It's quiet inside the Fuller Road t-shirt factory, but the place is busy. Machines
are carouseling black, long-sleeved sweatshirts as workers oversee the printing and folding and stacking. Thirteen thousand shirts were printed and shipped before the first week of March had ended.
MerchNow makes shirts that bands sell to support themselves on tour. Owners Kate and Steve Reddy employ 95 people, offering a lunch program supplied from local farms and health insurance completely paid for by the company. Their mission is to create a business that sustains people and not just the bottom line.
Yes, punk rock and yoga.
Devotees of Krishna, the Reddys were also part of the NYC hard core punk scene in the early 90s.
"It's hard for people to imagine punk as being spiritual, but it really was. There was a punk scene that had a real spiritual side. It included yoga teachers and vegetarianism and bands like Shelter. They were putting out their own records -- maybe 1,000 copies at a time -- because big labels just weren't interested."
"He basically gave us our first record and an old fashioned Apple computer. We added whatever spiritual bands there were."
The t-shirt business -- MerchNow -- was born in a New York City loft the couple shared with other devotees. "One of our roommates left and he owed us some money for rent so he gave us an old silk-screen press. We used it to make merchandise for the artists to sell on tour. It took us all over America, Europe, Japan. Every city had a fanzine that would announce us and we'd sell to get to the next show."
Back then Reddy says that yoga and spiritual life were intertwined in what they did, and as their success mounted, the disconnect slowly began.
They started getting more demos from metal bands and other punk acts beside Krishna ones, and the company grew record by record, tour by tour, to include hundreds of bands.
"At some point it became all about fashion and tattoos," says Reddy, without a hint of judgement.
The Reddys know what it takes for their customers to stay on the road.
"When we started, credit was big," says Steve Reddy, noting that bands with little money would come to him for merchandise they'd pay for later out of sales. "A lot of companies wanted money up front. I'd let them slide. I knew what it was like to be on tour. You make your money in merchandise. That's how you keep going."
And as bands succeeded, so did MerchNow.
When the internet started to take off, the Reddys saw an opportunity to keep the presses spinning even during the seasonal slumps. "We didn't want to lay off workers after the summer tours so we approached our bigger bands and offered to do online stores. Customers would order direct to us and we would print, mail and pay the bands royalties. That kept us going, too."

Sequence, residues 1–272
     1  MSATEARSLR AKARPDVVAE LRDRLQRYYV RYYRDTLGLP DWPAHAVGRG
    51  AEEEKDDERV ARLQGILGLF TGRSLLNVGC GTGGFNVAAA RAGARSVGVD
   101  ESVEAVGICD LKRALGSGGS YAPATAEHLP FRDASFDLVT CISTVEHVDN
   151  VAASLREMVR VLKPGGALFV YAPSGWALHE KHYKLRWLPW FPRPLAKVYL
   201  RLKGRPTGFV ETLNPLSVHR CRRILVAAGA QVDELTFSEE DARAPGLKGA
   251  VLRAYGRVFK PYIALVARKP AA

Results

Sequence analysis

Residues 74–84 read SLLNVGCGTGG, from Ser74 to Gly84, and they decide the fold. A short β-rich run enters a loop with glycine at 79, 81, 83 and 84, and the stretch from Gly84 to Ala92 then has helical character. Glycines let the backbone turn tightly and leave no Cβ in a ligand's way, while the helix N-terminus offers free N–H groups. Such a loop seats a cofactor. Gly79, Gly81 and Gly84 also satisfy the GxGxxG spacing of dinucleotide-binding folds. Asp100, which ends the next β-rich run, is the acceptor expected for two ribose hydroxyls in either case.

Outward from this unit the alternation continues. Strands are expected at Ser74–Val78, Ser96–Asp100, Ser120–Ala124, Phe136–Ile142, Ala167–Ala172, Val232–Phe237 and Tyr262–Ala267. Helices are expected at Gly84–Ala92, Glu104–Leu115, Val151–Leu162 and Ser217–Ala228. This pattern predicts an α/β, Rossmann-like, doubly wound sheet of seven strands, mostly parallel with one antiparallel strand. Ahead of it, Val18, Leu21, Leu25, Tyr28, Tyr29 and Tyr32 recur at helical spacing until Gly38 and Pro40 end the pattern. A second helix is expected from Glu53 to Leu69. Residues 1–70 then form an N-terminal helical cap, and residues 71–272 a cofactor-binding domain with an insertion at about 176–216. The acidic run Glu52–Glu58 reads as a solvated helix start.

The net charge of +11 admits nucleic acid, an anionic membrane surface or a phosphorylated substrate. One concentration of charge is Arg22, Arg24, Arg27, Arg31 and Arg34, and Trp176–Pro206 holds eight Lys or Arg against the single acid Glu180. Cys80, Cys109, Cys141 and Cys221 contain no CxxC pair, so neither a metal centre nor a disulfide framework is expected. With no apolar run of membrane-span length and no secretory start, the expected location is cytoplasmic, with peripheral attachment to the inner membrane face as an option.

Eventually, though, the spirit that help them start the business felt missing.
Their mission to create a business that sustains people and not just the bottom line was intact, but the music had changed.
"We practice Bhakti yoga. The main practice is singing and dancing. The force behind this idea is that you can experience the divine through sound vibration. Everything we do is divine by that principal," said Kate Reddy. Out of her Stuyvesant home, she's been teaching yoga and hosting retreats that incorporated music and meditation.
About four years ago she started to put the business model that had worked for the punk scene together with the yoga world.
They teamed up with long-time friends and Krishna devotees Gaura Vani and Rasa Acharya and started Mantralogy. A sister business of MerchNow, Mantralogy supports yogic musicians in much the same way MerchNow supports rockers. The first thing they did was approach yogic superstars Krishna Das and Jay Uttai to see if they could support their tours with merchandise.
Mantralogy, which devised its own line of organic cotton clothes with depictions based on Hindu gods and goddesses as well as yogic themes of non-violence and simple living, also started to host events.
"In 2008 we hosted 'Chant for Change,' in DC on the night of the presidential inauguration. We really had no idea how it would go, but it sold out."
And in the four years since it began, Mantralogy is flourishing. It has produced eight records and is working on producing a documentary that follows the women of Bahkti and their relationship to yoga.
"Part of our success is that we've kept everything really people based. ... People have told us many times that we should stop paying 100 percent of the healthcare but if we did that we'd just be a factory," says Kate Reddy. "We're more than that. We've all changed in the 20 years ... we've had kids, raised families ... but we still have eight of our original employees and we've had an incredible journey."
Siobhan Connally shares her writing and photography at Ittybits & Pieces.
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